The BBC News Channel has been identified as the next BBC service to become online-only as the organisation looks to embrace technological change and make cost savings following cuts to its budgets.
The BBC Trust’s recent approval for the youth-orientated BBC3 channel to move online-only in March has paved the way for the broadcaster to take other fringe services onto exclusively digital platforms.
In a speech on the BBC’s future in September, Director-General Tony Hall expressed the desire for a “news-streaming” service aimed at mobile phone users. “Over the period of this charter, we will make a transition from rolling news to streaming news; news in the palm of your hand,” he said.
James Harding, the BBC Director of News & Current Affairs, has embraced digital media. Announcing details of his “Future of BBC News” project this month, he warned staff “we can’t afford to do everything” but emphasised that “young people are consuming less and less traditional media” and asked “How do we cater for them?”
The BBC News Channel, which celebrates its 20th anniversary next year and is watched by around 3 million people a day, was set up as a competitor to Sky News and has featured on its original output many of the BBC’s best-known journalists, including Huw Edwards, Emily Maitlis and Fiona Bruce.
One senior BBC news executive told The Independent: “The point is do you need a rolling news channel on television? You can see how an organisation like the BBC could build a digital rolling news feed and not have a TV channel. Where are people consuming rolling news? It’s predominantly on digital platforms.”
The idea of taking the rolling service off television has become “open talk” in the BBC newsroom, with ongoing meetings taking place on how the organisation reacts to changing audience behaviour in accessing news.
But the plans of some senior managers to move the News Channel online have encountered opposition.
With a Government White Paper on the Future of the BBC due in May, the organisation is acutely aware that its position is dependent on retaining its reputation as the go-to media provider for the biggest news stories.
With the European Union referendum and the Queen’s 90th birthday in April fast approaching, it’s not a good time to take a news channel off TV.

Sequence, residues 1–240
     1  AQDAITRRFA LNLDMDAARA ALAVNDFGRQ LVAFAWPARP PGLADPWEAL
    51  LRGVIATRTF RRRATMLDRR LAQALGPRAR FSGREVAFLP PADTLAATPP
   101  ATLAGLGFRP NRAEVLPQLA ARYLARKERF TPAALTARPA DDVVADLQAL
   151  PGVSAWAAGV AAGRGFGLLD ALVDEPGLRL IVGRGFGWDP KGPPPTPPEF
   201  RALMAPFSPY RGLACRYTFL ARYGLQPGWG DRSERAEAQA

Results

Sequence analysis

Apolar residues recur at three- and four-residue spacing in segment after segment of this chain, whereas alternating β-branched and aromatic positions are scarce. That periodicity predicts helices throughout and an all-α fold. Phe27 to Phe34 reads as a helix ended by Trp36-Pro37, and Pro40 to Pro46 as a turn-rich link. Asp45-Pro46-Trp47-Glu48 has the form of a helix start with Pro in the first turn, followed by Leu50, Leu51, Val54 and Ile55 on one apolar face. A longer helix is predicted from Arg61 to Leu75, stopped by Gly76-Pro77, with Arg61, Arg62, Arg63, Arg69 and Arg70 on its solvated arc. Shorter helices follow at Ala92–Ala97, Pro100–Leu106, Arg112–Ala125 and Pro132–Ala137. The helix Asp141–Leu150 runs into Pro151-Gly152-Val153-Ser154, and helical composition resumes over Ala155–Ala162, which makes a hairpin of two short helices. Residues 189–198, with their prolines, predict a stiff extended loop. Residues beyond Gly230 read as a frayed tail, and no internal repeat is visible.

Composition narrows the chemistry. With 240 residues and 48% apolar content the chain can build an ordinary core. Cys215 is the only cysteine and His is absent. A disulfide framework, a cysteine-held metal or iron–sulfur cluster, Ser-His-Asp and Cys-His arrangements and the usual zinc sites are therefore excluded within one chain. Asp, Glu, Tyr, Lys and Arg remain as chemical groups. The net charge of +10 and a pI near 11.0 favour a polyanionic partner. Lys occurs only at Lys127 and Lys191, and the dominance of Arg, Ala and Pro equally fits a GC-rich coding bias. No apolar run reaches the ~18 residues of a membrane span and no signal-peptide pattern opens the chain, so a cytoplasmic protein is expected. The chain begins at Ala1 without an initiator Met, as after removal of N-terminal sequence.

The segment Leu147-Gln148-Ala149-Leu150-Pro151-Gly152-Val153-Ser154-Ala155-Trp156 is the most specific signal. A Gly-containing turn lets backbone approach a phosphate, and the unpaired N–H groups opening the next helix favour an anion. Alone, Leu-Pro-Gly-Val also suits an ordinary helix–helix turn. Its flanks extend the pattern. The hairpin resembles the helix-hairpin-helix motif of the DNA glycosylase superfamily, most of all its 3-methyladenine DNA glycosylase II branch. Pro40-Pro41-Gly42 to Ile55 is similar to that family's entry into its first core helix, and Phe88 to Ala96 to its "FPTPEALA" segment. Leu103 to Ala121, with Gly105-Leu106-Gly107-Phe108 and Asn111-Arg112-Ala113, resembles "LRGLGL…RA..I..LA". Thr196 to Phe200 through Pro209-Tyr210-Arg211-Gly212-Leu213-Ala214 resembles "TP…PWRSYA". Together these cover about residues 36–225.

A recent BBC Trust survey of viewers found resistance, especially among older viewers, to moving news coverage to digital platforms at the expense of existing services. The News Channel is understood to have a high proportion of older viewers. “Many older people still like to sit down to watch the news,” said one journalist at the BBC’s New Broadcasting House. “They don’t expect to watch their news on a mobile phone.”
Lord Hall, who was Chief Executive of BBC News between 1996 and 2001, also has a personal attachment to the rolling service. “It’s very hard for Tony Hall to close anything he personally opened and, as BBC head of news, he started both Radio 5 Live and, effectively, the BBC News Channel,” noted a senior BBC journalist.
Mr Harding has said that BBC News will make cuts of £5m as part of overall BBC cost reductions. But analysis conducted by the BBC has shown that savings from taking rolling news off television would not be as great as management had hoped. “The cost benefit of closing it is not huge, there are not big monies to be saved,” said a senior source.
A BBC spokesperson said: “As James Harding has said, over the next few months we’ll be looking at how BBC News should respond to changing technology and audience demands, and to the need to make financial savings across the organisation. Any talk about the BBC News Channel is idle rumour, we are discussing our priorities not taking decisions.”